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New York City Transit System Is Crippled by Flooding


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New York City Transit System Is Crippled by Flooding


Published: August 8, 2007



Powerful thunderstorms swept through the New York metropolitan area this morning, tearing up trees and damaging cars and homes, and creating havoc during the morning commute.



Kitra Cahana/The New York Times[/float]Subway stations were flooded, forcing commuters out onto the streets and into taxis and buses, and bringing traffic in many areas to a standstill. The region’s three major airports — La Guardia, Kennedy and Newark — all reported flight cancellations and delays.


No subway line was unaffected by the heavy rains and winds, according to the M.T.A. For the time being, the M.T.A. was advising commuters to stay at home.


Train delays and cancellations were reported on the Long Island Railroad and Metro-North, and train and bus delays and cancellations were reported on New Jersey transit. As the storm knocked down power lines, thousands of homes were without power.


An M.T.A. spokesman said train and bus services were expected to return to normal by about noon.


Meteorologist Brian Ciemnecki of the National Weather Service said an investigator would be sent to the scene to determine if a tornado was responsible, The Associated Press reported.


But Jeff Warner, a meteorologist at Penn State University, said no tornados formed or touched down. He said 1.7 inches of rain fell in Central Park between 6 and 7 a.m., and recent hot, humid weather powered clusters of thunderstorms over Pennsylvania and lower New York State that moved through the metropolitan area.



Bebeto Matthews/Associated Press[/float]Paul Fleuranges, a spokesman for New York City Transit, said: “We’re coming back slowly. We have to dry out we have to clean up and then we have to make sure the circuits and the signals are working before we resume service.”


For the latest service information, please see the Times’ City Room blog.


Alfonso Quiroz, a Consolidated Edison spokesman, said that about 4,000 customers throughout the city were without power — including 1,500 on Staten Island and 1,000 in the Bronx — largely because the storm knocked down power lines.


Amid the commuter havoc, M.T.A.’s website, mta.info, shut down. It was the second time in several weeks that the website was not able to function during a transit crisis. The last one was during a minor blackout on the east side of Manhattan several weeks ago.


Mayor Michael Bloomberg was to give a press conference this morning in the Bay Ridge district of Brooklyn, one of the areas hard hit by the storm.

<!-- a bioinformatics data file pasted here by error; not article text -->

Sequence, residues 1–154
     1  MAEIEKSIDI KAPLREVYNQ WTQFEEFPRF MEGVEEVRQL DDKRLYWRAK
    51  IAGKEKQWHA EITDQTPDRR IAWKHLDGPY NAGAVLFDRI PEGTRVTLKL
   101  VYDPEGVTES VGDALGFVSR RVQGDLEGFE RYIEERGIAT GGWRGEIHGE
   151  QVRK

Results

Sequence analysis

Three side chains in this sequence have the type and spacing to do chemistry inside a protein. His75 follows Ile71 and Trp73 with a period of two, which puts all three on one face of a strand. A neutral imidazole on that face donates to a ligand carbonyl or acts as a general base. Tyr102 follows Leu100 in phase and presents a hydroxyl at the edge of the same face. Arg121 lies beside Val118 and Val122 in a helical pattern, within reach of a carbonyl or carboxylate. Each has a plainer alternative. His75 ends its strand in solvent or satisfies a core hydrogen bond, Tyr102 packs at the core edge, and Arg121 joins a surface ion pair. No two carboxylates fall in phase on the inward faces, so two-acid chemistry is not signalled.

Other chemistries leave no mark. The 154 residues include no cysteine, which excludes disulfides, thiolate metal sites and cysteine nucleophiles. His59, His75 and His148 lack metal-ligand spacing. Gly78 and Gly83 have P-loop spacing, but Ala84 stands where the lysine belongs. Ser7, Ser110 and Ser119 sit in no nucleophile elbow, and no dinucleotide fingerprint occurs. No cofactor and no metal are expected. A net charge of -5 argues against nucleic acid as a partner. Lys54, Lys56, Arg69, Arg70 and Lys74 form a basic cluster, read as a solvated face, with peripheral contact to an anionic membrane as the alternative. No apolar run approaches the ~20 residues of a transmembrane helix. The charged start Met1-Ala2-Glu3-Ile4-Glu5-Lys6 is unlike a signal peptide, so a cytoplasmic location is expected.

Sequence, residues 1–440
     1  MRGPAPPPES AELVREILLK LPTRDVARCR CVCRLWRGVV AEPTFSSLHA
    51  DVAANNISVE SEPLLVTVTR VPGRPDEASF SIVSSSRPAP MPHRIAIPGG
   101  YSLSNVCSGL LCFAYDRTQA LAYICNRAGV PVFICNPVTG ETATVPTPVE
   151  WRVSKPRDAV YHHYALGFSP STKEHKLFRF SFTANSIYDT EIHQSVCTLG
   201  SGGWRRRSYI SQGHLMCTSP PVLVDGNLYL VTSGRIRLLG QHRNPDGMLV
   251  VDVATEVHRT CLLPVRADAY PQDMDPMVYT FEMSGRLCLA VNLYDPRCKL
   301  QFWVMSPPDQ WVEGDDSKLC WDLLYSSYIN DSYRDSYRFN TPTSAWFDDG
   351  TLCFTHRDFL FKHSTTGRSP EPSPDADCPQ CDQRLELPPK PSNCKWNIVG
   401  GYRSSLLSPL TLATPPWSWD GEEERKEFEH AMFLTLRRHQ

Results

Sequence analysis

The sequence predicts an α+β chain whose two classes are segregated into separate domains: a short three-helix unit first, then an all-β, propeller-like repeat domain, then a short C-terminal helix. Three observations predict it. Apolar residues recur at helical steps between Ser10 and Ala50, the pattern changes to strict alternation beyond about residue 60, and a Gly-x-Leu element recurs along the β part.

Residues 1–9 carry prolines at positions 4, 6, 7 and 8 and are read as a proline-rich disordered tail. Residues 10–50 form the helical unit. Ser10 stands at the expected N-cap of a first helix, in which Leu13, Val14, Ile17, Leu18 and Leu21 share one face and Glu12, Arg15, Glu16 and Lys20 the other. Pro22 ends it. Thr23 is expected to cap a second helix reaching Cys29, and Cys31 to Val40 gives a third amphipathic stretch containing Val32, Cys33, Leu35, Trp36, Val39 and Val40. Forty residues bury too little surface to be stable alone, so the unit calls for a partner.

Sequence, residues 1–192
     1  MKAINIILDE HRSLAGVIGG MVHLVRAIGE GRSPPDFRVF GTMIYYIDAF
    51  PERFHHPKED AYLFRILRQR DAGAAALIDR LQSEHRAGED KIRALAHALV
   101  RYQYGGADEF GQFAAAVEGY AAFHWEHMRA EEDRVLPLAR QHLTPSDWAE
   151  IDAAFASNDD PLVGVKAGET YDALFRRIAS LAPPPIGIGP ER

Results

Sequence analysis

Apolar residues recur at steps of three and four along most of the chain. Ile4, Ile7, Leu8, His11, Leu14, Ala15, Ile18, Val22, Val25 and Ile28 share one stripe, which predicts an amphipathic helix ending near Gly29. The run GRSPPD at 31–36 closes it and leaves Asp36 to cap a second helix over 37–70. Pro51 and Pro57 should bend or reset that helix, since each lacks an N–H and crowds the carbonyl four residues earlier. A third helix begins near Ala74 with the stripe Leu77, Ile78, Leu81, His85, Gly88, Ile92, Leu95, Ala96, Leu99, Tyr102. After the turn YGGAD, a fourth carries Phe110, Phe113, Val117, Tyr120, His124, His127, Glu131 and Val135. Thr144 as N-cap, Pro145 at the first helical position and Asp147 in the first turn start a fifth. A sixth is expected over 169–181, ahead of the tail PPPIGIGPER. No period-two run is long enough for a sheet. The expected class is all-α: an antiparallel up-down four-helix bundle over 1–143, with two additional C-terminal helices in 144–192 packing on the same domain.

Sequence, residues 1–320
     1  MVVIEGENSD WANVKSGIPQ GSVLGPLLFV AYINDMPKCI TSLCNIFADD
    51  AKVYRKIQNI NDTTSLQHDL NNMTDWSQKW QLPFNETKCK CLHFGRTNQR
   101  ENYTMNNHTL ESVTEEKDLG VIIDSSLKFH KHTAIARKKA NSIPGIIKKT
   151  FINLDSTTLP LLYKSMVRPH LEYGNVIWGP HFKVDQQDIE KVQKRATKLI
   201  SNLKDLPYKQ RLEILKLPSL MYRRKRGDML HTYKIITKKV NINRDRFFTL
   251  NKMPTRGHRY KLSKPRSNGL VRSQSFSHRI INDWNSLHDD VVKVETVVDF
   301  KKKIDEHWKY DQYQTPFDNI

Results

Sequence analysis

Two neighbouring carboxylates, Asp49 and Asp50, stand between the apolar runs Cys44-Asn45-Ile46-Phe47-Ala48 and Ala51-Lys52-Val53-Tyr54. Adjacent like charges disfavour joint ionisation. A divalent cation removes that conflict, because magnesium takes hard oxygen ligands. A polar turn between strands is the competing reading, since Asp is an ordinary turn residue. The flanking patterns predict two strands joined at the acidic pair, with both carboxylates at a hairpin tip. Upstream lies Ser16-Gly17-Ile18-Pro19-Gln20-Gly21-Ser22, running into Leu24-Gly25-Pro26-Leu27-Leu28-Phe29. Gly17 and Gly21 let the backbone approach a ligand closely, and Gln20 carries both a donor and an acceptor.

Richard Drew/Associated Press[/float]“It looked like tornado activity, a very dense black wall, almost like a heavy velvet fog,” said J. R. Thomason, a fundraiser for the New York Philharmonic, who watched the storm from an attic room in a three-story house in the Kensington district of Brooklyn between 6 and 7 a.m.


“It was over very fast, within 30 seconds,” he said. In a nearby street, a large tree had crushed a van and its branches stretched across the road, stopping traffic. In Brooklyn, the F train was delayed, and as trains started up again later in the morning, subway cars were way overcrowded.


John Han, 50, a financial adviser, said he arrived at the Fort Hamilton stop at around 7:45 a.m., but about an hour later had given up and was going home.


“The cars are running, but real slow,” he said, accompanied by his wife. “It looked like a sardine can. We are going home and taking a shower and going to try again, because we are very sweaty.”


Around Brooklyn, motorists drove in search of an open subway line, so that they could park and take the train. In the Kensington area of Brooklyn, leaves and other debris littered the street, trash cans were knocked over, and awnings on stores were ripped. On the corner of Dahill Road and Church Avenue, trees blocked road lanes, and a 30 foot long pizzeria sign was down on the sidewalk.


Pete Chiaramonte, 41, who was on his way to work at a towing company, said he saw what he thought was the storm touching down at around 5.30 a.m. near the corner of 37th Street and 13th Avenue. “It was a funnel shape,” he said. “It looked kind of black and blue,” adding, “it was way up high and came right down on the roof of” a department store. “Pieces of the roof were all over the place. It was a big bang.”


At 370 East Second St. in Kensington, Carol Perri DeSimone, a sales representative, stood amid the remains of her porch. “I’m heartbroken, my roof landed three doors away,” she said. “I was scared to death.”


In Manhattan, the Nos. 1, 2 and 3 lines on the West Side, and the Nos. 4, 5 and 6 lines on the East Side shut down for a time. The 42nd Street shuttle was also suspended. The Metro-North Railroad reported at 8:50 a.m. that services on all three of its lines had been restored, although there were significant delays coming in to Grand Central Terminal.

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